'It's a start': New cash to help Sask. schools on journey to mental health
PRINCE ALBERT -- The Government of Saskatchewan is spending $400,000 on mental health first aid training in Saskatchewan schools.
This would make mental health first aid available to students when needed, similar to physical first aid. The training teaches people to recognize the symptoms of mental health problems, how to provide initial help and guide a person toward appropriate professional help.
Doug Kinar teaches mental health first aid and is the executive director of the Prince Albert branch of the Canadian Mental Health Association.
“I think the more people we train the better, the commitment of $400,000 is wonderful. I'm not sure it will go far enough but it's a start. What we have to remember is we are on a journey to mental health and getting positive mental health in our communities, he said.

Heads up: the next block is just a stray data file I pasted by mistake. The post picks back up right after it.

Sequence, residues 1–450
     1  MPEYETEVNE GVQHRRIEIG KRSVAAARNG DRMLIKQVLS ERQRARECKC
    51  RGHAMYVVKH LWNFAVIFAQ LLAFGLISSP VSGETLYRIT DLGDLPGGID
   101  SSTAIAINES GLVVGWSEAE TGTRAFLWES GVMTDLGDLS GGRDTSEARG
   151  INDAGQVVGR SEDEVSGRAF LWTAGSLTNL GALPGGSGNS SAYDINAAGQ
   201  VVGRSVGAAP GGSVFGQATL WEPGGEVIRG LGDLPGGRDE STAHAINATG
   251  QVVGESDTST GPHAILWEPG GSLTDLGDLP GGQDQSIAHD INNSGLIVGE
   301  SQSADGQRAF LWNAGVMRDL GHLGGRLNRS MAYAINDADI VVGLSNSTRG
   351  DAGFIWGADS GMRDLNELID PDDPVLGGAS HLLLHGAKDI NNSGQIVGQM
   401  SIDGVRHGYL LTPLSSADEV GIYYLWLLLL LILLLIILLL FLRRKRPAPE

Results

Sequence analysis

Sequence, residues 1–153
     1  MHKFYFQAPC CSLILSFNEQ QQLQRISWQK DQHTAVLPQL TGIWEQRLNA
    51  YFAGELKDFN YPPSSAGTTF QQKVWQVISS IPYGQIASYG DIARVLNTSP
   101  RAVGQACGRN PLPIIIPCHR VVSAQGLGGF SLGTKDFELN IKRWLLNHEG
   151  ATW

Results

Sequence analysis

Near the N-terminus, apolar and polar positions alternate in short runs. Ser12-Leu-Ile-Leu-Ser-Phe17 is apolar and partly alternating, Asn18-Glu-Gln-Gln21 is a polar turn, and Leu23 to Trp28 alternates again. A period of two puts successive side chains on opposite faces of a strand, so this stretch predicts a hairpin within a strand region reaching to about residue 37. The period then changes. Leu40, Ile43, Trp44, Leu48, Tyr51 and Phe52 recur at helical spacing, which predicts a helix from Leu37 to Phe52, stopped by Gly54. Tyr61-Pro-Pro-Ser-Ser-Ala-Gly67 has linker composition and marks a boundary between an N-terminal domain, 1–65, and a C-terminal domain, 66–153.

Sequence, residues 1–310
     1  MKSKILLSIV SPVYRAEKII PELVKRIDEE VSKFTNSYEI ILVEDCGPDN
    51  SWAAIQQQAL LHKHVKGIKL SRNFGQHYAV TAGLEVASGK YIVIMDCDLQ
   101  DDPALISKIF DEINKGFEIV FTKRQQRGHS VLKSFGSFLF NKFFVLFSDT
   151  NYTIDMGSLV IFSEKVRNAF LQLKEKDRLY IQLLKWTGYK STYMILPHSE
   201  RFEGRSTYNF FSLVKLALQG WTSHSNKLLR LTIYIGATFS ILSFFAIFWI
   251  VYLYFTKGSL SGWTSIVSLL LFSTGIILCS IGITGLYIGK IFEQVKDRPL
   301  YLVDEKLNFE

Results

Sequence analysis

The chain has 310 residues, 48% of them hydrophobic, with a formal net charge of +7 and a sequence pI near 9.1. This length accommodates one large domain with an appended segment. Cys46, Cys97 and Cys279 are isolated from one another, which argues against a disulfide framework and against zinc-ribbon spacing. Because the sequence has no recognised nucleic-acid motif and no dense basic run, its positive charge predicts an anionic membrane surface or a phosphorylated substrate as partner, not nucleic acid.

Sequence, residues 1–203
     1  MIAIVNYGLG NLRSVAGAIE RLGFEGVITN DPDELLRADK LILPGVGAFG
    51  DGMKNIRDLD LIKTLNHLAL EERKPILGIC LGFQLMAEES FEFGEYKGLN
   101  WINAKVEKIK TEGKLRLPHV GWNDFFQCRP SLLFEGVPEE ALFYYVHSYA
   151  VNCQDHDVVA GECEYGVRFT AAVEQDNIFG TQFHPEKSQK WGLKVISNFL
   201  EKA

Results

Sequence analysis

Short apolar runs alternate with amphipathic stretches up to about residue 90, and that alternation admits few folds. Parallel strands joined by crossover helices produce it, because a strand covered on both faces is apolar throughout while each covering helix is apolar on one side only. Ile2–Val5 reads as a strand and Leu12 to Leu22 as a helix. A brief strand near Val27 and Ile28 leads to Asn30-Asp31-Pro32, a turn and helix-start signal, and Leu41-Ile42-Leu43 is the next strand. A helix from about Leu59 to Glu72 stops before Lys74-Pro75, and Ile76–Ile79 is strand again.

The training was a recommendation from the Minister’s 2019-20 Youth Council. Tia-Lee McCallum, a member of the council, said any help for mental health training would help youth.
“Students are so secretive, especially teens. We don't know how to tell people about our problems. We get pushed to think that we are weak if you talk about our problems,” McCallum said.
The Saskatchewan Rivers Public School Division said it has already provided mental health training to more than 200 teachers and staff.
“We're four years into our mental health action plan here at Sask. Rivers. And we've been making training available to our school teams universally, not just for one person per school, but for entire teams in most case around mental health literacy which is very similar to mental health first aid,” superintendent Tom Michaud said.
In a news release, Education Minister Dustin Duncan said the province’s goal is to have at least one staff member in each school receive training by December 2021.